In active listening, the coach silently reaches out to grasp the mental, emotional, symbolic and sensory environment of the client’s expression to fully grasp and unconditionally accept his or her total frame of reference, mind patterns, values system, etc. without intervening one way or the other.
The general “correct” coaching postural stance for active listening is sitting (or standing) straight. This can be true both for face to face coaching as in phone coaching in as much as posture influences the quality of a coach's listening attitude. This being said, however, the body posture is often adapted to the client’s position and/or movement in a form of “dance” as the coaching relationship unfolds during the course of a session.
Generally speaking, when the coach is leaning away or stepping back, the message that comes across to the client is one of distance, maybe lack of interest. Distance may also be very useful at times, to give the client more “breathing space”, at other times to “mirror” or synchronize client behaviour. When the coach is leaning or stepping forward, the message that comes across to the client is one of “taking over” or of getting “taken” or involved with the content of the client dialogue. This coach position may also be useful at times, to give the client more warmth, support, or to display more coach focus or commitment.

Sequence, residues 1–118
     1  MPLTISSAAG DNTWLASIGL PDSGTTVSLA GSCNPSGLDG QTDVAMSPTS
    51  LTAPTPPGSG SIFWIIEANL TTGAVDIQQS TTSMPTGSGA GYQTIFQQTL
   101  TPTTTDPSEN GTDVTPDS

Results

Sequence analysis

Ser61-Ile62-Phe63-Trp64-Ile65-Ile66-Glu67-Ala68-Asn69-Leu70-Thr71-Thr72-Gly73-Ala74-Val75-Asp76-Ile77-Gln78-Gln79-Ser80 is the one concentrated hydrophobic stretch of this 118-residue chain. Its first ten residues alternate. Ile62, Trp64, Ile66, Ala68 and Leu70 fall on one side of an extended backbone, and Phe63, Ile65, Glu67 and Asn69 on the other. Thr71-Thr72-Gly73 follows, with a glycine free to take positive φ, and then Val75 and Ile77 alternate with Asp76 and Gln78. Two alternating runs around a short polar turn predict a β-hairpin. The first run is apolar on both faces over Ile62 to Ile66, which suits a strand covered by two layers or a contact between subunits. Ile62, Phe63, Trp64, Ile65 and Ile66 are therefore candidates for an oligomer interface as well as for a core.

Consequently, it is generally useful for a coach to be aware of his or her body posture, and to its “complementary” or “contradictory” nature compared to the client’s posture. If a client is leaning forward (involved) and the coach is leaning back (detached), the difference will be felt by the client, and may be counterproductive in the unfolding of client dialogue. This is true of a number of other “complementary” and “contradictory” coach and client body postures.
- Body Language
Effortlessly, body language gives the client numerous physical or instinctive indications of an active and receptive coaching presence, or on the contrary, of coach disinterest. It is consequently useful to know that most clients will intuitively or naturally know when a coach is or is not fully listening, or when a coach is or is not fully present and engaged with the client's dialogue.